Though these facts stand, we do have reason to question how overweight and obesity are definedin this country. In the past, physicians used insurance-company tables to measure "ideal" body weight, and these ideal weights were largely derived from the insurance records of white males. In 1990 the government updated the tables as part of its Dietary Guidelines for Americans. Now, for example, the new tables say a person five feet four inches tall should weigh between 111 and 146 pounds if she or he is aged nineteen to thirty-four, and 122 to 157 pounds if she or he is over thirty-five. Despite the update, the tables remain controversial because ideal weights are nearly impossible to estimate. Plus, the guidelines don't distinguish between men's and women's bodies! Rather than relying on tables, it's best to pay attention to your own health--both physical and emotional--to determine whether or not you want or need to lose weight.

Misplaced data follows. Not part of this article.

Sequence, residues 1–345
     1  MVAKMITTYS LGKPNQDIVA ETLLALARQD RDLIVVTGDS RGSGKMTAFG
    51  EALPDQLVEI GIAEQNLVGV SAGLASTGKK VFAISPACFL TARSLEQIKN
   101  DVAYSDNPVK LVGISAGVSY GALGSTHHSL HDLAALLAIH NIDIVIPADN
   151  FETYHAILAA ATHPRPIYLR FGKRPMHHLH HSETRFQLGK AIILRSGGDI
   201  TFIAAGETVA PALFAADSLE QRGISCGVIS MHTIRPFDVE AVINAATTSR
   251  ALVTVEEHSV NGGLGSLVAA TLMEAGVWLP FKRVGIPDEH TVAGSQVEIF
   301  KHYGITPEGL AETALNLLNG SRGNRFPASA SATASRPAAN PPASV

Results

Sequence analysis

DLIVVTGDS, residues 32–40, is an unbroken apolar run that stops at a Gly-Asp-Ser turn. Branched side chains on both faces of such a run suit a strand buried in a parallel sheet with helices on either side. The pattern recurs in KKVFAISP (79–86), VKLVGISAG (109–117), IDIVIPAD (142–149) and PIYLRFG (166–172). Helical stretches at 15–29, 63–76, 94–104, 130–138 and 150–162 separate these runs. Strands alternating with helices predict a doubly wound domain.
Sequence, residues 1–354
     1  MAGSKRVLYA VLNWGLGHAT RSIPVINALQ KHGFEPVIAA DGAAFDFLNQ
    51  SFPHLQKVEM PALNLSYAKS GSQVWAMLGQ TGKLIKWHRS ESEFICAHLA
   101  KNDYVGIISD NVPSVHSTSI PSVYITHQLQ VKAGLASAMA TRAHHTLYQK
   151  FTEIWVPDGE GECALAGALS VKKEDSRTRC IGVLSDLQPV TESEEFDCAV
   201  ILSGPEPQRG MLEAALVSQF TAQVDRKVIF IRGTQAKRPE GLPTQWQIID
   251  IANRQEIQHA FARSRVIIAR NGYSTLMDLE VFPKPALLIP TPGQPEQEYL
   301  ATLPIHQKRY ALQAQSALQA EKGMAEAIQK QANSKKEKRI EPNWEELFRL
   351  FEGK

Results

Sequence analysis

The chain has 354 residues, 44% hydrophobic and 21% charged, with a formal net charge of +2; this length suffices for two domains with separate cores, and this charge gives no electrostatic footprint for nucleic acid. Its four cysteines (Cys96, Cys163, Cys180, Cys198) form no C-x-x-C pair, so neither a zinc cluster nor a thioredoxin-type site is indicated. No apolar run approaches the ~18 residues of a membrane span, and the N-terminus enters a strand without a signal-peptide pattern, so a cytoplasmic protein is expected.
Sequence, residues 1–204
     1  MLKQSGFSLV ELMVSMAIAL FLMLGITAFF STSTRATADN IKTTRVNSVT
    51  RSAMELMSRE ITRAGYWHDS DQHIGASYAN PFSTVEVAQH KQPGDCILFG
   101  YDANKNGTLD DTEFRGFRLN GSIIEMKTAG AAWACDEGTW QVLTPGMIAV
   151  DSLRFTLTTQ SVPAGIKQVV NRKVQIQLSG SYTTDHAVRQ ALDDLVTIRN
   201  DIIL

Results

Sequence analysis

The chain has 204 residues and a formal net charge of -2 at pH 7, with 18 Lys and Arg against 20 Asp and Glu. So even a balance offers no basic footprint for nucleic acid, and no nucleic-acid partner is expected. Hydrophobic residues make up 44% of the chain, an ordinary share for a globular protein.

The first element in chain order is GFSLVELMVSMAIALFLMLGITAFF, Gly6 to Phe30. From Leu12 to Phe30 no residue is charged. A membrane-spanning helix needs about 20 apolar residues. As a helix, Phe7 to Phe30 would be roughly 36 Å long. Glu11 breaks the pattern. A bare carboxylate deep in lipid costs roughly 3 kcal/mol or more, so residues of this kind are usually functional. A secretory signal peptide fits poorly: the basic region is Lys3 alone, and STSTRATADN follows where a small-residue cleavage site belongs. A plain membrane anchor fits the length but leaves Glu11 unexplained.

The Black community has always been more likely to accept large and voluptuous women than white Americans have been. In all traditional African societies, largeness is celebrated, particularly in women. In contrast to the pursuit and near-worship of thinness in America, Africans view full-figured bodies as symbols of health, wealth, desire, prosperity, and fertility.

This cultural appreciation for and comfort with large women remains in the African-American community today. Large Black women are seen as capable and nurturing, holding up the world on their steady shoulders. Fat "mammies" like Hattie McDaniel as Mammy in Gone With the Wind; Ethel Waters and later Louise Beavers as Beulah, TV's favorite Black maid; and pancake maven Aunt Jemima (although her image has slimmed down in recent years) are a few of the familiar images of fat Black women. Perhaps the most well known and loved contemporary African-American woman of any size, Oprah Winfrey is everywoman, a kind, caring, nurturing symbol to our community and to the larger society. We accept her and find comfort in her size, even as it fluctuates.

Alice Walker has explained that in our community, thinness, not fatness, is rejected "because we don't have a tradition of skinniness in any sense--not in our food, not in our bodies. The sense of roundness . . . is a very precious thing we share with the majority of peoples in the world. The whole thing about being angular and linear . . . it's not our culture, it's not our tradition."